How to Deal with Excessive Self-Consciousness
“I am one of the world’s most self-conscious people. I really have to struggle.” — Marilyn Monroe
“I’m not shy!” I defended.
“You only talk when you’re spoken to,” he said.
“That doesn’t mean I’m shy. I just have nothing to say.”
“If you’re not shy about it, then why can’t I talk to them?”
“Because I don’t want them to know my private life!”
This is a recent argument. My boyfriend wants to “talk” to my students after I ranted about their misconduct. He happened to be friends with some of them.
But here’s the real issue. My boyfriend and I never knew about this misunderstanding. I was surprised —shocked even — that he thought of me differently throughout our three years.
“Shy”? I’m never shy. I’m sure of that. Yet, my problem was closely related.
I am self-conscious.
Shyness vs Self-Consciousness
Shyness and self-consciousness are two different variables. They look the same on the outside but they stir up differently on the inside.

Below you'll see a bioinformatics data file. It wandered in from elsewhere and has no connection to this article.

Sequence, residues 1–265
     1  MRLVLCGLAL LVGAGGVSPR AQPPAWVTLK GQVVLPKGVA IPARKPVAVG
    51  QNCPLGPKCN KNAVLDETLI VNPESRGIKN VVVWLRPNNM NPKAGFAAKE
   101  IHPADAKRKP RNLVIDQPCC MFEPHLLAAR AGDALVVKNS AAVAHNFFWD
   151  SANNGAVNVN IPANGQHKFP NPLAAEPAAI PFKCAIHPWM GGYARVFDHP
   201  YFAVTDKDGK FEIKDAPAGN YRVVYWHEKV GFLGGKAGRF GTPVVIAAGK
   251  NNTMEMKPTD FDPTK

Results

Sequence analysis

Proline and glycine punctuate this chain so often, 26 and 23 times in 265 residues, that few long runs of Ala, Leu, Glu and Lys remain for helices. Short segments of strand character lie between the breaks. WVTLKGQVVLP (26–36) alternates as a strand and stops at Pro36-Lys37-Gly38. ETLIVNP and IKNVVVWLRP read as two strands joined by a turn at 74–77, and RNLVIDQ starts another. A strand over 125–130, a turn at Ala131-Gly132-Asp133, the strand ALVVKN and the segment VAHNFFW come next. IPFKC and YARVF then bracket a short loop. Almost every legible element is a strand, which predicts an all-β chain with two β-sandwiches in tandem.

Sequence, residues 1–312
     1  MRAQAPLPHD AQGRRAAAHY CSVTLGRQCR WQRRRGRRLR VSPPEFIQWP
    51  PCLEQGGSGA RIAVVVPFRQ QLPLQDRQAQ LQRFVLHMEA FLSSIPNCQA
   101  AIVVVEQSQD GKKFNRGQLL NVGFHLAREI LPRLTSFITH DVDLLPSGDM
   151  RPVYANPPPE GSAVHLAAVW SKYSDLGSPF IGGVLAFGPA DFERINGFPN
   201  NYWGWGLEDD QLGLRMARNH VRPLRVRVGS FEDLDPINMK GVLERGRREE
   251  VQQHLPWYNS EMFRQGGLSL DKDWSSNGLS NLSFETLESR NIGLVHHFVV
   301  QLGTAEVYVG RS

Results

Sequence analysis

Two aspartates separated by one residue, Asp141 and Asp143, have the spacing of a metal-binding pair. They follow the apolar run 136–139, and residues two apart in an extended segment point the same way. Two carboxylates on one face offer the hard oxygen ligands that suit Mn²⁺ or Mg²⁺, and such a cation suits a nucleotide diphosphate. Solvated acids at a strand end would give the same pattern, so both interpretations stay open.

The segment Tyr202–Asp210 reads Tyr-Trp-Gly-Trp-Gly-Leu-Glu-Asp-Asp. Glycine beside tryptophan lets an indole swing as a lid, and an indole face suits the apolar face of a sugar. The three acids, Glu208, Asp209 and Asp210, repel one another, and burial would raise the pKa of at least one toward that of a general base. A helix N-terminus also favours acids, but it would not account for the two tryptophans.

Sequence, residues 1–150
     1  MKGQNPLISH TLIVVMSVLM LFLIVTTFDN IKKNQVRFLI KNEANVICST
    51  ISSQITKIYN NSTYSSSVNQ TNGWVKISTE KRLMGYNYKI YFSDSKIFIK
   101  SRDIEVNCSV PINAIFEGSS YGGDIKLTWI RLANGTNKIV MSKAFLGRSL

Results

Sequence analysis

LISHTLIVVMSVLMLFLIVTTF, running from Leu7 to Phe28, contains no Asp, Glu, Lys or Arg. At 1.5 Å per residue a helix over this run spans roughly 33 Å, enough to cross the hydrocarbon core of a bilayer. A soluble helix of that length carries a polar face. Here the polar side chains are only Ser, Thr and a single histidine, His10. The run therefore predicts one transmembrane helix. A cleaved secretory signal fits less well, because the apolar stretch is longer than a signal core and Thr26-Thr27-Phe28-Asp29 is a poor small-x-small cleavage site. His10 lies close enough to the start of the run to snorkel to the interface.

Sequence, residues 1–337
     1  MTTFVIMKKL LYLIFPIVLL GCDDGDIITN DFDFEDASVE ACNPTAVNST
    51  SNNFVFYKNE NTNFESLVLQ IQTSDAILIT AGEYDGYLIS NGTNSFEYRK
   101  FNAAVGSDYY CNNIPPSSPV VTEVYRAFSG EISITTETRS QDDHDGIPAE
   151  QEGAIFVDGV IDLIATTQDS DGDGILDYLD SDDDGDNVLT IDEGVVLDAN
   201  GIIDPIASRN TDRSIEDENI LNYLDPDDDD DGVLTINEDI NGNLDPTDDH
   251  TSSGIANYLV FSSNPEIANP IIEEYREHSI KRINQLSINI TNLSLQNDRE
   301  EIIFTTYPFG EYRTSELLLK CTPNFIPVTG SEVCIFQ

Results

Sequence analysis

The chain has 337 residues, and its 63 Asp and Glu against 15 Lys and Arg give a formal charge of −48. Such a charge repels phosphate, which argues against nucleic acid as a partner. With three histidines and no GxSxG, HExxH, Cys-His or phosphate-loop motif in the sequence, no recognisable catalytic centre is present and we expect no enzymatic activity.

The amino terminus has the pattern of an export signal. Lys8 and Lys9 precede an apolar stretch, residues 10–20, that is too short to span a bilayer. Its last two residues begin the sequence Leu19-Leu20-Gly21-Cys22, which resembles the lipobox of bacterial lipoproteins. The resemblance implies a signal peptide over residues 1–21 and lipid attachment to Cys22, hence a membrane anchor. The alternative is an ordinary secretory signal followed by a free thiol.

According to a study, shyness is self-derogatory. It’s a negative self-bias where you look down on your capabilities, thus, limiting your actions. On the other hand, self-consciousness is how you see yourself in the eyes of others — a self-representation.
The thin line that set shyness and self-consciousness apart is preparedness. As I see shy people, however prepared they were, they still need a boost from others before they go.
On the other hand, self-conscious people ooze with confidence when they’ve prepared for it. This explains why some people can boldly do a public speech or a stage play, but make a fool of themselves when it’s impromptu.
I was a highly self-conscious introvert. Before I walk in the middle of a crowd, I make sure I’ve come prepared. It might be a good thing, but too much self-consciousness has tremendous side effects. It twins with perfectionism.